Gravitational wave (GW) observations of merging compact binaries offer unprecedented insights into the life of massive stars. The black holes (BHs) and neutron stars (NSs) observed by LIGO and Virgo (Abbott et al. 2019, 2021) constitute the end product of stellar collapse—the same cosmic events that are well understood to be behind supernova (SN) explosions. The direct observation of compact binaries, thus, provides a novel opportunity to probe the inner workings of the SN explosion mechanism.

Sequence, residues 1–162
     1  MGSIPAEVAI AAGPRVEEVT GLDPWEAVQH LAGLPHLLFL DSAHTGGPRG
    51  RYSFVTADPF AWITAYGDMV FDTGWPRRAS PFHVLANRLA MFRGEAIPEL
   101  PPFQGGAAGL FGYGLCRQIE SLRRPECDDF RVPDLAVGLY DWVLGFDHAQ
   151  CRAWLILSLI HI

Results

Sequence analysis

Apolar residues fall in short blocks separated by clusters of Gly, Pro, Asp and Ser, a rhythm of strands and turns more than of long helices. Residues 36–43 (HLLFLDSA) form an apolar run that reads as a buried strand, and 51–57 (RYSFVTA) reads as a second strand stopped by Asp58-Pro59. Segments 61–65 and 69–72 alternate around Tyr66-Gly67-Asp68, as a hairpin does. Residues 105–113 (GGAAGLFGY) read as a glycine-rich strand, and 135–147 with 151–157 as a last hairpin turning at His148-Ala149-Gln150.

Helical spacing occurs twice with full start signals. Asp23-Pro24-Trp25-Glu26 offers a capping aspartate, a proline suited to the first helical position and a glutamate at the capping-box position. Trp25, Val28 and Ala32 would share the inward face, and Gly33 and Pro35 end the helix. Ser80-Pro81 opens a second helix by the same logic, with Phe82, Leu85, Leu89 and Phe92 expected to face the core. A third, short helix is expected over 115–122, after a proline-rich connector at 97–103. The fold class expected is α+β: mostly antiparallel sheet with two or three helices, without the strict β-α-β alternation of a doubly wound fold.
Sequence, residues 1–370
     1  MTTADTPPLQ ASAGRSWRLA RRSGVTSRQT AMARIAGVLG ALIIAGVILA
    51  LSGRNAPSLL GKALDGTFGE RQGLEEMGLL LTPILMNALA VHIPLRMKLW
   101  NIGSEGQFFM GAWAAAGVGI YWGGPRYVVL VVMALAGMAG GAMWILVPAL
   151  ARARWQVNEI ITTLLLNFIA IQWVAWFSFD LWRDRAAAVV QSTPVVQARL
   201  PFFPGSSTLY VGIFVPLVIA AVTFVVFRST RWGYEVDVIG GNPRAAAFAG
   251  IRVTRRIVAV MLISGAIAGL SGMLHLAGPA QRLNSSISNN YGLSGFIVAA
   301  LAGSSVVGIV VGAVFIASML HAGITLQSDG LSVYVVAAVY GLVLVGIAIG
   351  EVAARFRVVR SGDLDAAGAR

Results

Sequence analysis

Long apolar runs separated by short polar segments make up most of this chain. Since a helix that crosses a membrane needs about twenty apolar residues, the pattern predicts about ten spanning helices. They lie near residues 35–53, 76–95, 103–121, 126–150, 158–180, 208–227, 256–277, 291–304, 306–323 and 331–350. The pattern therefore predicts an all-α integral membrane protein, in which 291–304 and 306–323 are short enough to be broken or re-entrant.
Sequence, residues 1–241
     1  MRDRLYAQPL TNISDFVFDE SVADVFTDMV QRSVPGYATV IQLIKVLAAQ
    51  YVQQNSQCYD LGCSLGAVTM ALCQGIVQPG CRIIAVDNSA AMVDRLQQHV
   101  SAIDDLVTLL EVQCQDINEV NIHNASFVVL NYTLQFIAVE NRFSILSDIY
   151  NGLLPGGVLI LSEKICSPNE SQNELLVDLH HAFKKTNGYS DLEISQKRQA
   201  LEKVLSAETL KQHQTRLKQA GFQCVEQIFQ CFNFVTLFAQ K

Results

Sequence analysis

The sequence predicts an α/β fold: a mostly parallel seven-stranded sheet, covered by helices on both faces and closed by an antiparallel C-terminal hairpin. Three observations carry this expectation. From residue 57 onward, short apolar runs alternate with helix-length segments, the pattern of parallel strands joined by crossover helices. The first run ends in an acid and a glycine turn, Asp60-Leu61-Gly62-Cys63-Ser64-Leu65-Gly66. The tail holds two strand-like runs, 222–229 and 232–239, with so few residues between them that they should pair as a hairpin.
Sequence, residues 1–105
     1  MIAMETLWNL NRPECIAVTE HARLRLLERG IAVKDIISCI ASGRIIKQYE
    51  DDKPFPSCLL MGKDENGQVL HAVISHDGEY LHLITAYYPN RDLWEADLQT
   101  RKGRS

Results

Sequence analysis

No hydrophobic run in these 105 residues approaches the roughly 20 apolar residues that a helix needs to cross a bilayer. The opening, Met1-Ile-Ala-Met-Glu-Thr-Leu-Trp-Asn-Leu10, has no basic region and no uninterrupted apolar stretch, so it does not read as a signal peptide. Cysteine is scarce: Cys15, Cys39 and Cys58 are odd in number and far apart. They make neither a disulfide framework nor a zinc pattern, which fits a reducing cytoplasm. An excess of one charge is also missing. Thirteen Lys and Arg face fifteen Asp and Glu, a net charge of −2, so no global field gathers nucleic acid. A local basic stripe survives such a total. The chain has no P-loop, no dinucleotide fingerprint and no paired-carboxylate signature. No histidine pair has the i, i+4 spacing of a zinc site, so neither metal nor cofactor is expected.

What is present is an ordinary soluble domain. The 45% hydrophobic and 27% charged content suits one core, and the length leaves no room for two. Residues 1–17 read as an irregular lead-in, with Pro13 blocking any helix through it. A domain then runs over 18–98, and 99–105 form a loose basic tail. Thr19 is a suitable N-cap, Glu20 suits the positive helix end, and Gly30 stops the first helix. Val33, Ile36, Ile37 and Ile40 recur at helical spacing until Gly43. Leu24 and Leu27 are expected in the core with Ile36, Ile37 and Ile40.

Stars with zero-age-main-sequence (ZAMS) masses greater than \(\,10\) M\(_\odot\) are robustly predicted to undergo core-collapse SN once their cores reach the Chandrasekhar limit (for a recent review on SN theory, see Burrows and Vartanyan 2021). Lighter stars might instead explode as electron-capture SN. In those cases, the degenerate oxygen–neon core reaches the critical mass of \(\,1.38~M_\odot\) and electron-capture reactions destabilize the inner region (Miyaji et al. 1980; Nomoto 1984). While NSs are the only possible outcome of electron-capture SNe, core-collapse SNe can also produce BHs, with the mass of the resulting compact remnant increasing with the ZAMS mass overall. For progenitors heavier than \(\,70~M_\odot\), however, the collapsing core becomes unstable to pair production. This removes radiation pressure support from the star which, in turn, ignites explosive carbon-oxygen (CO) burning. The core is either partially (pulsational pair-instability SN; Woosley et al. 2007) or entirely (pair-instability SN; Heger et al. 2003) disrupted, thus introducing a characteristic upper limit of \(\,50 M_\odot\) (Farmer et al. 2019; Woosley and Heger 2021) to the masses of BH remnants that can be produced by conventional stellar evolution.